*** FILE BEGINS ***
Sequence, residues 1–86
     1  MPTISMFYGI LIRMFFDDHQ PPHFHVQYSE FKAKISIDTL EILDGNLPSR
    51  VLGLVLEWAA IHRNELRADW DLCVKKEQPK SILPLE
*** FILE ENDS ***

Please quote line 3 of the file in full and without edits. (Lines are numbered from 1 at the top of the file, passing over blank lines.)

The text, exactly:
    51  VLGLVLEWAA IHRNELRADW DLCVKKEQPK SILPLE